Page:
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Coronavirus: What is the "game-changer" test and how does it work?
25 March 2020, 17:22 | Updated: 25 March 2020, 21:09
Coronavirus: What is the "game-changer" test and how does it work? LBC asks the experts.
Millions of "game-changer" coronavirus tests could be made readily available to the public within a matter of days, a Public Health England official told MPs.
Dr Jenny Vaughan explained how the test works.
"What you do is you prick your finger, get a drop of blood and that is analysed by a device. They hope it's going to be available to test health care workers and the general public."
"It's a game-changer, it really is," she continued, "because we want to be able to get healthcare workers back to work. If they've got symptoms at the moment they're having to self-isolate because we absolutely want to save as many lives as possible. So they will know whether they have or have recovered from Covid."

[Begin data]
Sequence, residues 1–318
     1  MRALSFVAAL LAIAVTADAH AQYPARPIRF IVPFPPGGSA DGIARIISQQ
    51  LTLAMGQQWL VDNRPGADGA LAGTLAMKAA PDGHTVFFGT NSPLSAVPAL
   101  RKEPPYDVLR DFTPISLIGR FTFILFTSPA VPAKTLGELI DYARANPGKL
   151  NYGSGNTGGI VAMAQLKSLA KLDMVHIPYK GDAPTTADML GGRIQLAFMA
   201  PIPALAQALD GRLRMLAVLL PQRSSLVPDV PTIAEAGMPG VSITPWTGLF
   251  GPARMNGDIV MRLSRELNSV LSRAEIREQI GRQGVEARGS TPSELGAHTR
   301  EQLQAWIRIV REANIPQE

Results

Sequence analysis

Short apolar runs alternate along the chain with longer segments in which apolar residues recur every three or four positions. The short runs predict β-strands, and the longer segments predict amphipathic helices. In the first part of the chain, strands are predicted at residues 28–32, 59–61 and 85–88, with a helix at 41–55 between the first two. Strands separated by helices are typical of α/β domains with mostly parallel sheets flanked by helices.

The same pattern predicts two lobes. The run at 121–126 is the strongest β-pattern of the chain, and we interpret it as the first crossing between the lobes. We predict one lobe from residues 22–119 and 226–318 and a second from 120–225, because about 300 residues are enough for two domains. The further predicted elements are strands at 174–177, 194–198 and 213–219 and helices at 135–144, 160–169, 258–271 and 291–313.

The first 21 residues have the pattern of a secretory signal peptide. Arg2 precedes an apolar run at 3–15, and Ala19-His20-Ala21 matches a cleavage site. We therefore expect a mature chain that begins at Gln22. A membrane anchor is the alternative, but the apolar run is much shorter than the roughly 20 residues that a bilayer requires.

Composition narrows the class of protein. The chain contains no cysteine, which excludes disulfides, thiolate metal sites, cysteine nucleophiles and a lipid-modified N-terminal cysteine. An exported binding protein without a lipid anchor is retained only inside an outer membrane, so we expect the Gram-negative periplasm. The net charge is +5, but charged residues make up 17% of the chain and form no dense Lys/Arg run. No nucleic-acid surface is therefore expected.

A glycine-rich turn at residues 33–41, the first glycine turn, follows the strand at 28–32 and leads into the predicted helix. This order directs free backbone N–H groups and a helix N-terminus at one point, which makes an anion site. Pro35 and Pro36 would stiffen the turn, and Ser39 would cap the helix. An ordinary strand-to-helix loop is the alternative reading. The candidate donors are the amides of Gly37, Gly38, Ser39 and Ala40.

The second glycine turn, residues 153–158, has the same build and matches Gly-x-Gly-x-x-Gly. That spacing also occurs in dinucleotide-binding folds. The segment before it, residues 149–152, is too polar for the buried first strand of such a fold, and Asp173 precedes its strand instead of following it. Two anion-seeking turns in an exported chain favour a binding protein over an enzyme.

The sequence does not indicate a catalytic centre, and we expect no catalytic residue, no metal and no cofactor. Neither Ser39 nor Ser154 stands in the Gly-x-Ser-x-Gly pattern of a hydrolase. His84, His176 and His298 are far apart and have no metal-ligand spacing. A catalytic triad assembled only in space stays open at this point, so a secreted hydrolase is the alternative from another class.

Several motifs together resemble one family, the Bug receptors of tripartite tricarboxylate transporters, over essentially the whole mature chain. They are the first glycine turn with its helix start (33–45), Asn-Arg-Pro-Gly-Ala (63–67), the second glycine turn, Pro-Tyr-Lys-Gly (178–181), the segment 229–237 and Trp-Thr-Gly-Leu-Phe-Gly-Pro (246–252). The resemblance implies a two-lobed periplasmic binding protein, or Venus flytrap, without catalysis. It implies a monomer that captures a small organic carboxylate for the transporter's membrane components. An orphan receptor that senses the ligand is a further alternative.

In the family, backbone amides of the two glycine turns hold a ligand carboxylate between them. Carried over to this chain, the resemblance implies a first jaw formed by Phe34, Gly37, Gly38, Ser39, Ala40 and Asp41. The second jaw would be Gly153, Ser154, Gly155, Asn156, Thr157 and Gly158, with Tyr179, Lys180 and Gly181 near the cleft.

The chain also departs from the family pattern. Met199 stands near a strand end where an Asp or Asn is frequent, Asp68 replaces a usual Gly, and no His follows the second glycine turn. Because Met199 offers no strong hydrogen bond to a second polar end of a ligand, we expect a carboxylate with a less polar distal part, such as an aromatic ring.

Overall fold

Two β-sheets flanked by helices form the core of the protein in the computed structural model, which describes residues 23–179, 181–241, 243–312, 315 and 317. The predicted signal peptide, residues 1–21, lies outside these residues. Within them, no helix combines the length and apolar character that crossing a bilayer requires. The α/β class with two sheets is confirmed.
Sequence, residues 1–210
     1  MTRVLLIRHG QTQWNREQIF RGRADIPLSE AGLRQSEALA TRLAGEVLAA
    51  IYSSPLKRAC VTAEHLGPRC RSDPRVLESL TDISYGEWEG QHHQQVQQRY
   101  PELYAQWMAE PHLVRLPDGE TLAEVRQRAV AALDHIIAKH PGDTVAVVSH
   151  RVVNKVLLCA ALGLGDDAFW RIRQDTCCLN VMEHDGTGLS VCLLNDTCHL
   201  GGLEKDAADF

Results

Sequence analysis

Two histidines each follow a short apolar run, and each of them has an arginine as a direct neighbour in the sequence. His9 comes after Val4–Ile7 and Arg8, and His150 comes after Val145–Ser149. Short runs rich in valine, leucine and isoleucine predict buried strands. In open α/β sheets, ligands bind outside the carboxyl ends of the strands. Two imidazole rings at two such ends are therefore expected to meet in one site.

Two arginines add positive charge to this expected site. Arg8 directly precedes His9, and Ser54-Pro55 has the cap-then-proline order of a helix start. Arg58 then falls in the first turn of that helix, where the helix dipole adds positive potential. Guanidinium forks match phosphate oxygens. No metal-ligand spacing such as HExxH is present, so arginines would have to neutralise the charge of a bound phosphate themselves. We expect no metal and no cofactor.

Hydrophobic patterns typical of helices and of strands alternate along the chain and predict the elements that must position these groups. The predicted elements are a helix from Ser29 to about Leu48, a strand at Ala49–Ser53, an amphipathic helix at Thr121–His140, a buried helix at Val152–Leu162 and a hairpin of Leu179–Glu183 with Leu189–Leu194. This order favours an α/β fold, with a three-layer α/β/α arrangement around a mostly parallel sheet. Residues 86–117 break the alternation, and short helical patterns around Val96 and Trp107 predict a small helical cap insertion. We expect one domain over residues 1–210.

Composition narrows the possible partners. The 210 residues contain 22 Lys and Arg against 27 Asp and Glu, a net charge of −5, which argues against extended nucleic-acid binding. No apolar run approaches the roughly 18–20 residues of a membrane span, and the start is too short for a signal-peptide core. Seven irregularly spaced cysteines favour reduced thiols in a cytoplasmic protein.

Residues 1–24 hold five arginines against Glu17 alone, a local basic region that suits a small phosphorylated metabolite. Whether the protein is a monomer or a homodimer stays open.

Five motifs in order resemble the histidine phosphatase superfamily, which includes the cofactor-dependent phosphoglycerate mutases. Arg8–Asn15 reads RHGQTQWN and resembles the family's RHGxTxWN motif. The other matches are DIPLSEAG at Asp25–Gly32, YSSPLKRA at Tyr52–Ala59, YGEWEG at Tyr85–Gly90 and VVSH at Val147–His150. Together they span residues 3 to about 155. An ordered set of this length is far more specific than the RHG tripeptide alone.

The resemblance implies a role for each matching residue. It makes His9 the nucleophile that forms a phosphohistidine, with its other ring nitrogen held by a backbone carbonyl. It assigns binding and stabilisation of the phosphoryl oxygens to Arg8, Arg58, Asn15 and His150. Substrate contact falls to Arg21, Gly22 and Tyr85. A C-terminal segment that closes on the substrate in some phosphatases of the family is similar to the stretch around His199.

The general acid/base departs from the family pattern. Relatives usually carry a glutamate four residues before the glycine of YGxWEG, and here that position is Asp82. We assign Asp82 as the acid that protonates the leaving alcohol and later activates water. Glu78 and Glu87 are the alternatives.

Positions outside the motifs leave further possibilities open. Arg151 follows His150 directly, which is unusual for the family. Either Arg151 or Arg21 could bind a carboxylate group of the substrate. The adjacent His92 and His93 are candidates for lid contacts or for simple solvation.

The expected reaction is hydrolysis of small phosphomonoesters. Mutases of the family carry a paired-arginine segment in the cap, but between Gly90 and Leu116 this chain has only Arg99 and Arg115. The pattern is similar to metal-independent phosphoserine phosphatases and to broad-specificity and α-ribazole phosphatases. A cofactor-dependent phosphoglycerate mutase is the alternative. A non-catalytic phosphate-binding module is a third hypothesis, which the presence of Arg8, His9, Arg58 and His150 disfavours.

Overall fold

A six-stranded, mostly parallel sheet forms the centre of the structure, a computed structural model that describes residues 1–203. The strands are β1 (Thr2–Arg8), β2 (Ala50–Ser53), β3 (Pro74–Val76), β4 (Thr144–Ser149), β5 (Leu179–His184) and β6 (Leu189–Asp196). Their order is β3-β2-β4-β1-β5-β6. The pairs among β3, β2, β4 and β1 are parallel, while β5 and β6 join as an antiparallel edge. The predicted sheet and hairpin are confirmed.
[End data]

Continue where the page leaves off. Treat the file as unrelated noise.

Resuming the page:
"It's an antibody test. So basically it tests for the called IGM and the IGG antibody," Dr Vaughan said.
"The only thing that people need to know is the earliest you can detect IGM is around four days so in the early stages an early test might be falsely negative. That doesn't mean you can definitely go out safely."
Dr Vaughan said that we don't know yet how long immunity lasts for however called this a "positive step."
"What we want the government to do is very much prioritise it for key workers and then we think everyone should get tested," she said, "not just to get them back to work but because what we know from South Korea is mass testing actually helps them get on top of the disease quicker.
"And goodness me, that's exactly what we want to do at the moment."
Since this interview chief medical officer Chris Whitty announced that the test will not be released in a matter of days but in some weeks' time.